The European Union has withdrawn from search and rescue in the Mediterranean, outsourcing its border management to a third state and effectively criminalising NGOs that step into the gap. This, writes Luca Doll, is a policy that needs urgent review
In early December 2020, the European Anti-Fraud Office launched investigations into Frontex, the European Border and Coast Guard Agency. Allegations range from pushbacks — unlawful practices aimed at stopping migrants from reaching EU waters — to the harassment of migrants, and misconduct in the Aegean Sea.
These allegations sit alongside other alarming reports on the EU‘s management of its maritime borders. Throughout the past decade, the EU has drastically decreased its capacity to search and rescue (SAR) at sea. It has criminalised civilian actors seeking to fill this gap, and outsourced border management to the Libyan Coast Guard.
Such activities reflect a gradual change in the EU’s approach to maritime migration, from passiveness to active restrictiveness. And these developments have proved fatal for those attempting to cross the world's deadliest border: the Mediterranean Sea.
We can trace European disengagement from SAR back to 2013. In October that year, a converted fishing vessel attempting to cross the Mediterranean sank near the Italian island of Lampedusa. More than 360 migrants lost their lives.
In response, Italy launched its Mare Nostrum search and rescue mission. This lasted until late 2014, and rescued more than 150,000 migrants shipwrecked and stranded at sea.
Mare Nostrum was succeeded by Frontex-led operations Triton and Themis, alongside EU military-led initiative Operation Sophia. The primary focus of all these operations was maritime law enforcement in the Mediterranean. SAR did remain part of their objectives. But these operations' ultimate aims were to control borders, train Libyan Coast Guard, and enforce the UN arms embargo to Libya.
By 2019, Frontex and military-led operations had withdrawn naval power and SAR-related activities. This highlighted the already limited focus on maritime rescue, and offered evidence of increasing EU disengagement in this field.
Operation Sophia was succeeded in March 2020 by Operation Irini, which has no SAR mandate.
These widening gaps in SAR coverage have been met with rising casualties. Since 2014, more than 20,000 people have died trying to cross the Mediterranean. This figure does not include unrecorded cases, so is likely an underestimate.
To counteract the EU’s withdrawal from search and rescue, civilian actors and NGOs stepped in to fill the gap. This had dire consequences for civil society, leading to crackdowns on activists and the criminalisation of organisations involved.
One notable case was the Italian government’s prosecution of German ship captain Carola Rackete, accused of smuggling migrants to Lampedusa. The court invoked the duty to render assistance enshrined in Article 98 of the UN Convention on the Law of the Sea. It ruled that Rackete's offences were not substantiated.
Criminalisation of NGOs engaging in SAR chimes with the EU’s general aims to eliminate ‘pull factors’ encouraging immigration to Europe. European politics frequently depicts (civil) SAR in the Mediterranean as a pull factor. But this reinforces a dangerous narrative in public discourse.
An argument used repeatedly by policymakers is that SAR aids traffickers and their business. There is a prevailing belief that smugglers assume they needn't ensure their vessels make the crossing safely — they gamble on SAR to guarantee secure passage. Little evidence exists to substantiate this. A European University Institute study examining migration from Libya to Italy between 2014 and 2019 found:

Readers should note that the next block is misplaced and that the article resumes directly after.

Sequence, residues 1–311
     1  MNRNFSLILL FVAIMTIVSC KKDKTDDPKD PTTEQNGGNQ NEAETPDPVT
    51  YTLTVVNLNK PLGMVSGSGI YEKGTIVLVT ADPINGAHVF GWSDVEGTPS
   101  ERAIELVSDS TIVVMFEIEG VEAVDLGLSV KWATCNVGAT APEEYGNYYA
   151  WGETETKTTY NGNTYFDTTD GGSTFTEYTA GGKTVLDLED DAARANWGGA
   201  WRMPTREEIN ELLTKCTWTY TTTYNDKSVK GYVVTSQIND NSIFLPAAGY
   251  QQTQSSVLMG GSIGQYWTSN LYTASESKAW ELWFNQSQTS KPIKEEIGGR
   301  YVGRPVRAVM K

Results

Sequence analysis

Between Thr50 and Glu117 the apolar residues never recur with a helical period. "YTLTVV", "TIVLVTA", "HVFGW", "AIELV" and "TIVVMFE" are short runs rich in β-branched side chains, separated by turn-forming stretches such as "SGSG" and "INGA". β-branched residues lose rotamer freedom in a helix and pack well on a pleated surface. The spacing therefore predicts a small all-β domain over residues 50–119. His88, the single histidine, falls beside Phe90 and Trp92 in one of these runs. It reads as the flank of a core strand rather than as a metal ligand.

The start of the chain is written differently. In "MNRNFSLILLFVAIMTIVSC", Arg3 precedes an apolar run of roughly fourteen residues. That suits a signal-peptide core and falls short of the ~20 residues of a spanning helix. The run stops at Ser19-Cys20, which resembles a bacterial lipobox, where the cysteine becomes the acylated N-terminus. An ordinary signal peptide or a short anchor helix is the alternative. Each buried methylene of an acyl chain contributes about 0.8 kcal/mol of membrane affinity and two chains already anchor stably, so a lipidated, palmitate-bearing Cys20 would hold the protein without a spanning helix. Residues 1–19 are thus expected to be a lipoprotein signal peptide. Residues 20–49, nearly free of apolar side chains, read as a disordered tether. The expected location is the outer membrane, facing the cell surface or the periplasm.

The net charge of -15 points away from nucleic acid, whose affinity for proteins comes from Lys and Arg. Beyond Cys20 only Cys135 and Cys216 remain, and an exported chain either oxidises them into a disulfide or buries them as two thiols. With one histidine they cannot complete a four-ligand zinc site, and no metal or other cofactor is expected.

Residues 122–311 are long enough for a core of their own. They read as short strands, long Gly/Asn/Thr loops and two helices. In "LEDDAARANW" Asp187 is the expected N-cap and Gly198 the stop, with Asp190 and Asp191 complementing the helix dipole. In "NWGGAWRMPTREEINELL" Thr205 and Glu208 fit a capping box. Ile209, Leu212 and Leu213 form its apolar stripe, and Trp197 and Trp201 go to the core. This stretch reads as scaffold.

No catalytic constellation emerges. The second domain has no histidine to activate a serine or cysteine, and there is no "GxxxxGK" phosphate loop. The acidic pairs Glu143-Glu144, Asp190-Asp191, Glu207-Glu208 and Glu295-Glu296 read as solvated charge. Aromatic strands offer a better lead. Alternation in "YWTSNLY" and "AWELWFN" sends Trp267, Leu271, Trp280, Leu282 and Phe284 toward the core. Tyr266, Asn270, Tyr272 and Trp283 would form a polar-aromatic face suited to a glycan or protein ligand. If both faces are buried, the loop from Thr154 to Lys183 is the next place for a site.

no relationship between the presence of NGOs at sea and the number of migrants leaving Libyan shoresSea Rescue NGOs: a Pull Factor of Irregular Migration? November 2019
These activities, and the EU’s ‘outsourcing’ of border management to third parties, discourage NGOs from engaging in SAR.
In 2017, Italy and the Libyan Government of National Accord signed a Memorandum of Understanding, committing themselves to cooperation in migration and border security. This included the training and equipment of the Libyan Coast Guard, provided and funded by Italy and the EU.
Italy oversaw the formulation of a Code of Conduct for NGOs that obliges organisations to cooperate with the Libyan Coast Guard or face legal consequences in the EU. The overarching rationale is to prevent refugees leaving Libyan territories by intercepting them rapidly, soon after departure, and transferring them back ashore.
Fugitives crossing through Libya face arbitrary detention:
they are subjected to torture or inhuman or degrading treatment, […] abuse, including rape, and sometimes sold into slaveryCommissioner for Human Rights, Council of Europe, 15 November 2019
This, alongside the described pullbacks at sea by the Libyan Coast Guard, creates a potentially deadly environment for refugees — an environment partially funded by the EU.
Outsourcing such capacities is a circumvention of the duty to protect those in need, and an evasion of judicial accountability on European soil.
In the de facto absence of a legal framework for refugees, the EU has outsourced border management to Libyan forces. The EU has resigned from, and criminalised, search and rescue operations. This combination invites fatal consequences.
European policymakers must evaluate the implications of their strategies and consider alternative approaches. They should begin by ceasing maritime collaboration with the Libyan Coast Guard, and replacing the persistent criminalisation of civil SAR with genuine cooperation.
Accomplishing this is critical for the EU to meet the standards to which its member states subscribed when signing its treaties. Most of all, it is imperative to prevent further tragedies in the Mediterranean.
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